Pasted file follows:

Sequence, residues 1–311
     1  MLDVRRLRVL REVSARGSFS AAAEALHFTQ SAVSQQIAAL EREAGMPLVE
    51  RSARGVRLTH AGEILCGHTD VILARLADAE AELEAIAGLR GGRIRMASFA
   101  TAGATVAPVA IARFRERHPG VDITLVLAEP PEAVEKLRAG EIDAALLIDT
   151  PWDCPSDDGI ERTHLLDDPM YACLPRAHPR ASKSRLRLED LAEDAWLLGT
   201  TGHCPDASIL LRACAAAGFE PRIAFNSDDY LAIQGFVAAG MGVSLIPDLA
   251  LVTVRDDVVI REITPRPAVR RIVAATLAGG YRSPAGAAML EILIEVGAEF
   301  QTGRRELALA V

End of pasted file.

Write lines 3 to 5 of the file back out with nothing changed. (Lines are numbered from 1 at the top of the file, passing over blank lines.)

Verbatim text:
    51  RSARGVRLTH AGEILCGHTD VILARLADAE AELEAIAGLR GGRIRMASFA
   101  TAGATVAPVA IARFRERHPG VDITLVLAEP PEAVEKLRAG EIDAALLIDT
   151  PWDCPSDDGI ERTHLLDDPM YACLPRAHPR ASKSRLRLED LAEDAWLLGT